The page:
PITTSFIELD — This summer, the Berkshire County Historical Society at Herman Melville's Arrowhead is taking a deep dive into the region's cultural and social history.
Beginning in July, the historical society will examine mid-19th-century rituals and objects related to death and dying in the Berkshires and beyond. "Lifting the Veil: Customs Surrounding Mourning in the Berkshires," which opens July 10 at Arrowhead looks at the historic practices surrounding death, burial, and those left behind. BCHS collections will be featured in this exhibit, including objects not regularly on view to the public.
In August, a collaboration between the Stockbridge-Munsee Band of Mohicans and the Berkshire Museum, that includes BCHS, the Bidwell House Museum, Stockbridge Library, Trustees of the Reservations, Housatonic Heritage and Williams College, "Muh-he-con-ne-ok: People of the Waters that are Never Still" will open at the Berkshire Museum. The exhibition will showcase the past, present and future of the Stockbridge-Munsee Community by presenting historic and contemporary objects combined with oral and written histories. The show, at the Berkshire Museum, will run Aug. 1 through Jan. 9, 2022.
The deep dive won't stop there. Throughout the summer, the historical society will host a series of events that celebrate Melville's most famous work, "Moby-Dick," and some of these will re-examine his life and legacy and re-imagine his relationship with Nathaniel Hawthorne, while also celebrating contemporary writers and artists.
In addition, BCHS is now open for guided tours of Arrowhead, Thursdays through Mondays. Tours begin at 10 a.m. with the last tour starting at 3 p.m. Special events and exhibitions taking place at Arrowhead will be presented in the newly renovated historic barn and on the grounds.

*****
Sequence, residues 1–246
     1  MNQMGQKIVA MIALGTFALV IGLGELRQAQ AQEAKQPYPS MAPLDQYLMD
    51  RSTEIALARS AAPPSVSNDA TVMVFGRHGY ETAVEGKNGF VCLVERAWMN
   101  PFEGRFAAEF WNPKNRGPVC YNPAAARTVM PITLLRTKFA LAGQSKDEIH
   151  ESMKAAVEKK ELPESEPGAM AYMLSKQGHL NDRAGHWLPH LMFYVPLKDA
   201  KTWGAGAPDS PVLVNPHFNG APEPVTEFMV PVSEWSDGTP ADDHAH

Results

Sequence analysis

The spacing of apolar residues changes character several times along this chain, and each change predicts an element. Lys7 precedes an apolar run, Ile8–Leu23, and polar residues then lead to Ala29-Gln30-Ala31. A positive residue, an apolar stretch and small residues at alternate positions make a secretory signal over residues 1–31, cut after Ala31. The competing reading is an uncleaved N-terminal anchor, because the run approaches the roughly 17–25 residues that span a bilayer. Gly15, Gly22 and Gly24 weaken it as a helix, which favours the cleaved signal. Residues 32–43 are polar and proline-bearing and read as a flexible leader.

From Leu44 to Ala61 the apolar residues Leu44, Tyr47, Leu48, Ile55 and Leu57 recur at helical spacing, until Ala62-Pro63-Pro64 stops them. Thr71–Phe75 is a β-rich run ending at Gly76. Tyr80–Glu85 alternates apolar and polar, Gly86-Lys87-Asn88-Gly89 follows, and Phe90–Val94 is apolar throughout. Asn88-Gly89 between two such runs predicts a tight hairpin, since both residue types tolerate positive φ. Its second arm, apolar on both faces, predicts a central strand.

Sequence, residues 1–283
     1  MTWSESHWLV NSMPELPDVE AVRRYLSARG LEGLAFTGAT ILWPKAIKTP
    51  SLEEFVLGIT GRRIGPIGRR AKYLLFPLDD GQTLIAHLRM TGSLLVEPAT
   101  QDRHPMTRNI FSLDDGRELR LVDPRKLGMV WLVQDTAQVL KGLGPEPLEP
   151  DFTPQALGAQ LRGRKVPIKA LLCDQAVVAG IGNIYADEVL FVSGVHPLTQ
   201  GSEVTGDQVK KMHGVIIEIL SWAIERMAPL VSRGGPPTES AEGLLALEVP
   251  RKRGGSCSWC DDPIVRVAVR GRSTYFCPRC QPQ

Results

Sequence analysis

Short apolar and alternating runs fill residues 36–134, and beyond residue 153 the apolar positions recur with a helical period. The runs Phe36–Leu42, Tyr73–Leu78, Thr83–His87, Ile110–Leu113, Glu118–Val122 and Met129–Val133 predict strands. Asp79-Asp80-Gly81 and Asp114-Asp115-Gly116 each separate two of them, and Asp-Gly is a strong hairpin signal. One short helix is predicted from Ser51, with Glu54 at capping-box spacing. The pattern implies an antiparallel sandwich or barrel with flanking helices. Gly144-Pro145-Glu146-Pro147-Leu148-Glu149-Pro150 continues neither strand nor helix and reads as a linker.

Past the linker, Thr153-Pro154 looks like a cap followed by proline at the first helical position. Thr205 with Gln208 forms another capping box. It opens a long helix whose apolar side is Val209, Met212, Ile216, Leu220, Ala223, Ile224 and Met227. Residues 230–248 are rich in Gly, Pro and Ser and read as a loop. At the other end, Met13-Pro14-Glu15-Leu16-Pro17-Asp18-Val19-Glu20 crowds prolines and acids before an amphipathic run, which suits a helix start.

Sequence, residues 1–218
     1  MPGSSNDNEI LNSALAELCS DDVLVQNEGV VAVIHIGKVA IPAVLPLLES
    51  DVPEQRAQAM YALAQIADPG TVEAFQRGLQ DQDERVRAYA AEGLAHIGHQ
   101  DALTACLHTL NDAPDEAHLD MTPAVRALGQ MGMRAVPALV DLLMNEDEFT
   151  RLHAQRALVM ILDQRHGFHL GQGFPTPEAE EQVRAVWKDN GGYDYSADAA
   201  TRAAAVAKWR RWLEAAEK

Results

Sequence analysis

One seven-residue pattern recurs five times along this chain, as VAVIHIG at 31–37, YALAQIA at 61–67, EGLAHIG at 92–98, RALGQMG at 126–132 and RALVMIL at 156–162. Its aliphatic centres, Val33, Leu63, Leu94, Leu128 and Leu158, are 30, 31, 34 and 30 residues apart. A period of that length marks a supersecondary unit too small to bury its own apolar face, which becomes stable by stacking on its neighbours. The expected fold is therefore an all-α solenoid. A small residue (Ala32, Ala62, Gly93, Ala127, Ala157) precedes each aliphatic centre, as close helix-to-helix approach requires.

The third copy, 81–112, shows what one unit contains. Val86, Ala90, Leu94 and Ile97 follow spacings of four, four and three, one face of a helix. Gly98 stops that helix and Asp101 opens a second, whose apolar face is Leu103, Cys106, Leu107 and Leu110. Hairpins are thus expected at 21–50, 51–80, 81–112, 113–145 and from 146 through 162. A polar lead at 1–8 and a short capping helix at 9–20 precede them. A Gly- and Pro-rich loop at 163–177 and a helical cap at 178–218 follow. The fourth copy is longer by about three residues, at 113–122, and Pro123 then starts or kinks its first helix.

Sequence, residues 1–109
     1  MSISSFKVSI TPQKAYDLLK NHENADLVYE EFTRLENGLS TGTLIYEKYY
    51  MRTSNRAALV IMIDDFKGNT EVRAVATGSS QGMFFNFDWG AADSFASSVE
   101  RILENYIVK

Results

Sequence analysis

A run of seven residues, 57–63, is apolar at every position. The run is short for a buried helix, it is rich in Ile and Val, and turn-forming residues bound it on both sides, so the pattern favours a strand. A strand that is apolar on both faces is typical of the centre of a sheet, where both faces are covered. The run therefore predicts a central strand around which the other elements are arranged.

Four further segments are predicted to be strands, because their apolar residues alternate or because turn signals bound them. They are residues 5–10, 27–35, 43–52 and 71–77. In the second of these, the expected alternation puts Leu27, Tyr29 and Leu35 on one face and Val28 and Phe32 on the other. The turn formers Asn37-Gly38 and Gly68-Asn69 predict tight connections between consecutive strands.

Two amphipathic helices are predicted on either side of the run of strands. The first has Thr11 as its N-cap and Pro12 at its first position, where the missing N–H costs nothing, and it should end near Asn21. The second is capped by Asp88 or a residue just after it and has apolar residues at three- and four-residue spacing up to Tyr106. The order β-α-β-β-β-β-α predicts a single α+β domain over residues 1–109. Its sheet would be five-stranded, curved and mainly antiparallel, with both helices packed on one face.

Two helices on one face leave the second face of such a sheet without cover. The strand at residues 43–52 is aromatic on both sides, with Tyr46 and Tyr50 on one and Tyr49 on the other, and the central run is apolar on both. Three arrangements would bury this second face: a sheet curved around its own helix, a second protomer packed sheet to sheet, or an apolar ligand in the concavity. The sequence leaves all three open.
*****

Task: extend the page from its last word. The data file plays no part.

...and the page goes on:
BCHS’s grounds and nature trails at Arrowhead are open free-of-charge, year-round during daylight hours. Dogs must be leashed at all times and owners must clean up after their pets. Motorized vehicles are not allowed except for in the driveway and parking lot. Metal detectors are prohibited.
Guided tours of Arrowhead are: $16, adults; $14, seniors; $10, students; free for children 12 and under. BCHS members receive free admission. BCHS participates in the Card to Culture program, which extends free admission to EBT, WIC, and Connector Care health plan insurance card holders. Visit mobydick.org for more information.
2021 Summer Season At A Glance
"Lifting the Veil: Customs Surrounding Mourning in the Berkshires": July 10 through October at Arrowhead.
This exhibition examines mid-19th century rituals and objects related to death and dying in the Berkshires and beyond. "Lifting the Veil" looks at the historic practices surrounding death, burial, and those left behind. BCHS collections will be featured in this exhibit, including objects not regularly on view to the public. Free with admission.
"Muh-he-con-ne-ok: People of the Waters that are Never Still": Aug. 1 through Jan. 9, 2022, at the Berkshire Museum